Building a better model of how retirement, health, and consumption interact

consumption age profiles with without health shocks

MRRC researchers John Karl Scholz and Ananth Seshadri recently built a model to look into how health and consumption intertwine, using an Euler equation to examine consumption in relation to utility. In this instance, consumption represents spending and health investments, such as eating well or exercising, and utility relates to health. In their model, “a retiree maximizes lifetime utility by making decisions on consumption and health investments in each period. The utility flow in each period depends on both consumption and health capital. Health investments could affect both the probability of surviving to the next period and future health capital conditional on survival. There are health shocks in each period such that both survival and future health capital conditional on survival are [randomly determined].”

The researchers applied their model to Health and Retirement Study (HRS) and Consumption and Activities Mail Survey (CAMS) data. Incorporating health into the model is the project’s contribution, but the authors’ findings also include:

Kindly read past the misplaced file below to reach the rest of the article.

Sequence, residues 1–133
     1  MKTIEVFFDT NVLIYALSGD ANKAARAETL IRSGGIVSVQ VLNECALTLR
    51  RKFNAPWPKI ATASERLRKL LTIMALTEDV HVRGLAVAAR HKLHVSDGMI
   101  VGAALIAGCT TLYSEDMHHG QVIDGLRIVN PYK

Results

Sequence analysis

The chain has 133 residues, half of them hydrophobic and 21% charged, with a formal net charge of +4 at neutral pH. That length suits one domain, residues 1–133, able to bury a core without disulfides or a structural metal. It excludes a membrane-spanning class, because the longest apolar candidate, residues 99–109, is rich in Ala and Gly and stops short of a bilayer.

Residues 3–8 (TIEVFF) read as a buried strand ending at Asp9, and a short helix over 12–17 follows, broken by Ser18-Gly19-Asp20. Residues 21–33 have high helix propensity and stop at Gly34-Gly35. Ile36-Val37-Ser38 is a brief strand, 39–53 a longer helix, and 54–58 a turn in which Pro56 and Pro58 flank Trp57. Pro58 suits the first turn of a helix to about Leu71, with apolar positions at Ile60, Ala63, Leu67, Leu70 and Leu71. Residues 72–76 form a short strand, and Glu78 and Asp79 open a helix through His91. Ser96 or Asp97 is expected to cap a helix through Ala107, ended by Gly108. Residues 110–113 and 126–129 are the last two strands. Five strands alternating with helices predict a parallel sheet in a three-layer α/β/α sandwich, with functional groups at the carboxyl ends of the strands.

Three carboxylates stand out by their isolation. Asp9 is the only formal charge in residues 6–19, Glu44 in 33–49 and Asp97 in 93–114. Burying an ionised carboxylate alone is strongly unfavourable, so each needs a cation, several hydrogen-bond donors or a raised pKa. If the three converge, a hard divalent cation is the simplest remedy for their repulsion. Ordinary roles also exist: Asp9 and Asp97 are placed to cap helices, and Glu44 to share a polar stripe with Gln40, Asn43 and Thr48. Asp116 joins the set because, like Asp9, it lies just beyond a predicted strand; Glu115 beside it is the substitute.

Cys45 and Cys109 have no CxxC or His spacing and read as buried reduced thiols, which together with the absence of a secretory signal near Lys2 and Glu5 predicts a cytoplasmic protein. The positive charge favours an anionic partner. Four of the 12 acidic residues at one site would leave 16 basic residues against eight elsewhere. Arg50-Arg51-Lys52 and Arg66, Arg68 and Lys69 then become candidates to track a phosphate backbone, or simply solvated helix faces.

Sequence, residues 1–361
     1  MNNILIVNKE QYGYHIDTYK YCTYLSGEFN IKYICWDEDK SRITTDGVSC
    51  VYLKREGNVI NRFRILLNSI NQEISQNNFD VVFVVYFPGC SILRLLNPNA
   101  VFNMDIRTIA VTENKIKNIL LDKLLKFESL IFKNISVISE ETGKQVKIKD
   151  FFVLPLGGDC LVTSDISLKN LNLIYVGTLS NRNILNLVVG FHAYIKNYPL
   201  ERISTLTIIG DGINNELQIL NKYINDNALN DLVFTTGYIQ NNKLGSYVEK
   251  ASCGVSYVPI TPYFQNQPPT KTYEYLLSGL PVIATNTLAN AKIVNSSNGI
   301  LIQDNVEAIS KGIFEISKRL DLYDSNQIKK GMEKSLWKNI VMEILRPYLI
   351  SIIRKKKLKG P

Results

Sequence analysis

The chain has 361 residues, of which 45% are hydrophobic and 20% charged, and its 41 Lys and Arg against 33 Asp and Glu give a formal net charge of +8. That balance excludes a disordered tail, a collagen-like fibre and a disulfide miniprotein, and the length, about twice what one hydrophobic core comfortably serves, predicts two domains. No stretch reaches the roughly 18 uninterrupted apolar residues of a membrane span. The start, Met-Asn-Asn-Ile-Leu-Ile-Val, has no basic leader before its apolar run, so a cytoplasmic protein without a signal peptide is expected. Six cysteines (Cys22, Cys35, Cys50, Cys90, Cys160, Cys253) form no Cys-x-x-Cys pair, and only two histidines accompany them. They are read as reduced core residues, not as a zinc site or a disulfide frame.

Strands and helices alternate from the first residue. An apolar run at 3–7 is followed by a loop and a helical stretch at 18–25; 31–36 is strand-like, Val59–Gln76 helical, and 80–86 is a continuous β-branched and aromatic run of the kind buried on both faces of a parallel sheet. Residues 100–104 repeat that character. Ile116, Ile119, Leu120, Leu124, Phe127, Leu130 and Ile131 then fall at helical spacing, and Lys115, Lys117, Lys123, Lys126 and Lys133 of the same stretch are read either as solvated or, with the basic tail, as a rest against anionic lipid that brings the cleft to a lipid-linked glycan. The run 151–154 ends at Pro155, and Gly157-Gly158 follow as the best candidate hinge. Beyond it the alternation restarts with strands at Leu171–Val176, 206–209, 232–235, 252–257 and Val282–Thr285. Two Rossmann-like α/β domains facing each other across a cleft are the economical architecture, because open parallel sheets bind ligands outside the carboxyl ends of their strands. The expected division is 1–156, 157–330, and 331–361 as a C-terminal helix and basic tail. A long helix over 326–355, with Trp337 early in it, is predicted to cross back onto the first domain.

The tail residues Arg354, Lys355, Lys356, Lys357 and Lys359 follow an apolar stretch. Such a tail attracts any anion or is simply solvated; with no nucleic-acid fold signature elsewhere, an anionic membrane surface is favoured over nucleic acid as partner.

• Consumption generally slows as people age, but health shocks play an important role in slowing down decline.
  • Including health investments in the model could help explain the wide differences in consumption-age profiles related to health.
  • Health investments, such as physical exercise, have a significant effect on the evolutions of both health and consumption in retirement.

The authors state: “The findings in this paper suggest that public programs like Medicare and Medicaid play an important role in shaping the consumption and health behavior of the retirees, as well as the retirement and saving decisions of working people.” Quantifying the magnitude of these effects might inform the optimal design of such programs.

Read the research brief.

Read the working paper.